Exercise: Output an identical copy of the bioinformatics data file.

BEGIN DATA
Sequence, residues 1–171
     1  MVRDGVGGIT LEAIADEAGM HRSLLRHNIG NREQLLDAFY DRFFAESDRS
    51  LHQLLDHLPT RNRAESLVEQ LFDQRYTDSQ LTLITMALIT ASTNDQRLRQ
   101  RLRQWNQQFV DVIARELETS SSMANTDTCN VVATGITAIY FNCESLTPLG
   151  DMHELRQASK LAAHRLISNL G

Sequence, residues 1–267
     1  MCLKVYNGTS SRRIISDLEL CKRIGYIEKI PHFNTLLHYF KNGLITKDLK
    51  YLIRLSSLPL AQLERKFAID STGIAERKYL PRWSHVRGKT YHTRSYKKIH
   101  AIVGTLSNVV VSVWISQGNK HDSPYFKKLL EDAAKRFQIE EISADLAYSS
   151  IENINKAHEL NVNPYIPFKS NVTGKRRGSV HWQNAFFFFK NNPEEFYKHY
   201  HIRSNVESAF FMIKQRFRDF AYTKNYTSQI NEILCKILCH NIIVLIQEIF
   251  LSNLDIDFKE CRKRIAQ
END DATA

Sequence, residues 1–171
     1  MVRDGVGGIT LEAIADEAGM HRSLLRHNIG NREQLLDAFY DRFFAESDRS
    51  LHQLLDHLPT RNRAESLVEQ LFDQRYTDSQ LTLITMALIT ASTNDQRLRQ
   101  RLRQWNQQFV DVIARELETS SSMANTDTCN VVATGITAIY FNCESLTPLG
   151  DMHELRQASK LAAHRLISNL G

Sequence, residues 1–267
     1  MCLKVYNGTS SRRIISDLEL CKRIGYIEKI PHFNTLLHYF KNGLITKDLK
    51  YLIRLSSLPL AQLERKFAID STGIAERKYL PRWSHVRGKT YHTRSYKKIH
   101  AIVGTLSNVV VSVWISQGNK HDSPYFKKLL EDAAKRFQIE EISADLAYSS
   151  IENINKAHEL NVNPYIPFKS NVTGKRRGSV HWQNAFFFFK NNPEEFYKHY
   201  HIRSNVESAF FMIKQRFRDF AYTKNYTSQI NEILCKILCH NIIVLIQEIF
   251  LSNLDIDFKE CRKRIAQ